Dolphins and dogs may help soldiers with PTSD decrease heart disease risk

According to Health.com, Veterans who struggle with post-traumatic stress disorder (PTSD) may be at an increased risk for heart disease and early death.

“[PTSD] is a disorder that occurs after a life-threatening event, such as personal assault, natural disaster, or military combat…affects can be debilitating with symptoms ranging from severe nightmares and flashbacks to insomnia and increasing social isolation,” explains the PTSD Support reference section on Military.com.

But perhaps a common misconception  is that veterans who suffer from PTSD only experience mental anguish, anxiety, and depression.  “The disorder may damage blood vessels and increase the risk of dying early,” however, reported Health.com after the latest meeting of the American Heart Association.

Just as alarming as the flashbacks and nightmares may be the reported increased risk of heart disease.  “If a vet has PTSD, they need to be under surveillance for cardiovascular disease as they age,” notes Joseph Boscarino in the recent CNN article, an expert on the association between stress and physical manifestations of illness.  According to research, veterans with PTSD tend to have more calcium build-up in their arteries, which can lead to atherosclerosis, a condition of the arteries that has been connected to heart attacks.

The study yielded surprising results.  Of the nearly 300,000 veterans studied, those with PTSD were more than twice as likely to die during the course of the 10-year study.  Specifically, just fewer than 30% of the PTSD diagnosed veterans died during the study, whereas just 8% of the non-PTSD veterans passed during that same time frame.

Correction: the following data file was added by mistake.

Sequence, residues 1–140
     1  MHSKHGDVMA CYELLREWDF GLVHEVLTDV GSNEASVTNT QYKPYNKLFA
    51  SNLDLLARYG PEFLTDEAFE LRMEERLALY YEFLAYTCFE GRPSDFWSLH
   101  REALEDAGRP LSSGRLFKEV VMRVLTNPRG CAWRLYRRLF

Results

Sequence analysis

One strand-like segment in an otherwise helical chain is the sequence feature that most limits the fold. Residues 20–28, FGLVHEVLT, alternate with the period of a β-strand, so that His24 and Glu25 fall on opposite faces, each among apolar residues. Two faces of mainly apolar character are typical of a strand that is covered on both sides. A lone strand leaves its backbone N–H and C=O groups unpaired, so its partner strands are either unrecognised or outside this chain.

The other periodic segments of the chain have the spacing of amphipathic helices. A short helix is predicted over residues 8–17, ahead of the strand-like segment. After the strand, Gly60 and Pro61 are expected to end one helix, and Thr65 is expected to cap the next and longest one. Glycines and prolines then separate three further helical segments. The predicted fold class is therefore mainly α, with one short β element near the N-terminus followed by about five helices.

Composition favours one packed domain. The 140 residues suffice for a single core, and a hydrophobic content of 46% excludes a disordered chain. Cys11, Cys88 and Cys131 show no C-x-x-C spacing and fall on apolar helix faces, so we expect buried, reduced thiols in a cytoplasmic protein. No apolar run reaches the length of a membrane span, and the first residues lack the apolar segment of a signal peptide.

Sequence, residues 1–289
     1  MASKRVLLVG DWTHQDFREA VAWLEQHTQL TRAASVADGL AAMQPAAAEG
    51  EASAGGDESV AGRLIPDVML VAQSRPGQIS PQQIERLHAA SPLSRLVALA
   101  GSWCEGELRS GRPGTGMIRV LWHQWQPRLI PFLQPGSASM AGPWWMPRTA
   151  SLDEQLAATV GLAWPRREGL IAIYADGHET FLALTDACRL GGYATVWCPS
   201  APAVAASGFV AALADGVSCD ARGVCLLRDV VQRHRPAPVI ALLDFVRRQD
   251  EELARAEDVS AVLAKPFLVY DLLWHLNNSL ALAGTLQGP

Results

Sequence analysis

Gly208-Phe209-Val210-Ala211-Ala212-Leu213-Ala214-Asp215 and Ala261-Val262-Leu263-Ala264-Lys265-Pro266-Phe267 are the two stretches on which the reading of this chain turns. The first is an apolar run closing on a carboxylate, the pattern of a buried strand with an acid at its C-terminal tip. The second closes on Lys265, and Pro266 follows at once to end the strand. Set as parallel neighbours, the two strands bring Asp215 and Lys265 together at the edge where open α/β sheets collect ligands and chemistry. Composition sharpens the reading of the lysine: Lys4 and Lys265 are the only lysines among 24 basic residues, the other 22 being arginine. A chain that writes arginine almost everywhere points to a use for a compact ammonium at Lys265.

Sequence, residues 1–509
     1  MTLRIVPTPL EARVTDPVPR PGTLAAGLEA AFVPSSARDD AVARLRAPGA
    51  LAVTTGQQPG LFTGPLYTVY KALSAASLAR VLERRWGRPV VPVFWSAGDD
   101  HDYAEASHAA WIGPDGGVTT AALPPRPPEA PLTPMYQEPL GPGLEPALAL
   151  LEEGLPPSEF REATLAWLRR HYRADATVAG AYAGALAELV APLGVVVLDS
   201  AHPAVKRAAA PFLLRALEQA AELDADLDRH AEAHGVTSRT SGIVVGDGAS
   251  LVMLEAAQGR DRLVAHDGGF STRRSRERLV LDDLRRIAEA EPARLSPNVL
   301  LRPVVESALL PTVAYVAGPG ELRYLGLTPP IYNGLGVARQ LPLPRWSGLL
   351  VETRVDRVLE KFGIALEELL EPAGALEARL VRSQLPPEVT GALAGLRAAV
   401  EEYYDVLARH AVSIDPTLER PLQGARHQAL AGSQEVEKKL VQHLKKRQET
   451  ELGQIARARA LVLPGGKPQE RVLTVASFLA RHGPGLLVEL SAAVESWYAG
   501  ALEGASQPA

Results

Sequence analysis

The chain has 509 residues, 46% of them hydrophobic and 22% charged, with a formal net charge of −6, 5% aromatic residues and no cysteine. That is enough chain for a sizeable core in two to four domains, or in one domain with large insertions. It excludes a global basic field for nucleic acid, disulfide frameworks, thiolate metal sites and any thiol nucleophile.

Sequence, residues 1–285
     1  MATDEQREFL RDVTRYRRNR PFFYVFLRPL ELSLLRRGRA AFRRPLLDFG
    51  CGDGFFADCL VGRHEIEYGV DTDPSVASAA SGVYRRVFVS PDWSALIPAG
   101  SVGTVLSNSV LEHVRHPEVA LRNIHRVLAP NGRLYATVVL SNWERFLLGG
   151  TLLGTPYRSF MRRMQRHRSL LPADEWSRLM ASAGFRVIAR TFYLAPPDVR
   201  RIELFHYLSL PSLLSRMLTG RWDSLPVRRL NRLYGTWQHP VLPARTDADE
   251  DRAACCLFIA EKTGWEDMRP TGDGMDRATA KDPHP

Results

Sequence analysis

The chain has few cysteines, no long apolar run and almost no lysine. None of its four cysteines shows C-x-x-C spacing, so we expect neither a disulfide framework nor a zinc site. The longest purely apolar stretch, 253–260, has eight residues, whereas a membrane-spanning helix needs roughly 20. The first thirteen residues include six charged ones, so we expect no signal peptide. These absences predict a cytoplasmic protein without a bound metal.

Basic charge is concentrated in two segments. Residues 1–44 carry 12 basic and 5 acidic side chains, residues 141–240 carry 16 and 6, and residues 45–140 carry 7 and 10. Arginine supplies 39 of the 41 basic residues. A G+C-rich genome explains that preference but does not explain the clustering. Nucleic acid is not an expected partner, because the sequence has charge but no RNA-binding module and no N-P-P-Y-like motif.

Non-conventional treatments have been gaining popularity: Dolphins and puppy’s have been used to help soldiers cope with stress.  Check out the CNN video report below entitled, Dolphins help veterans overcome PTSD stress. Such unconventional methods may be successful because stress is known to be a contributing factor to heart disease.

Dolphins are great, but we can’t skip this story about man’s best friend, entitled, Puppies helping veterans.

For an explanation on the treatment options for PTSD, that information is available to vets via the PTSD guides located on the United States Department of Veterans Affairs website.  According to them, “Cognitive behavioral therapy” is a suggested treatment option.

What can veterans do to combat the physical risks of PTSD?  Since heart disease has been indirectly linked to PTSD, vets should understand the risk factors  that can be controlled.  The American Heart Association suggests the following for limiting heart attack and stroke risks:
         Avoid tobacco
         Exercise
         Eat complex carbohydrates, avoid trans fat
         Maintain a healthy BMI – (check your BMI here, courtesy of the Department of Health and Human Services)
         Do not drink alcohol excessively
VA Benefits Eligibility:  Military.com explains, “[e]ligibility for most VA benefits is based on discharge from active military service under other than dishonorable conditions.”  Whether a vet is entitled to benefits is something he or should may consider speaking to a lawyer who specializes Veteran Benefits filing.  For more information in the meantime, you can view the “Veteran’s Benefits FAQ” provided by Military.com.   

Image: Bill Longshaw / FreeDigitalPhotos.net

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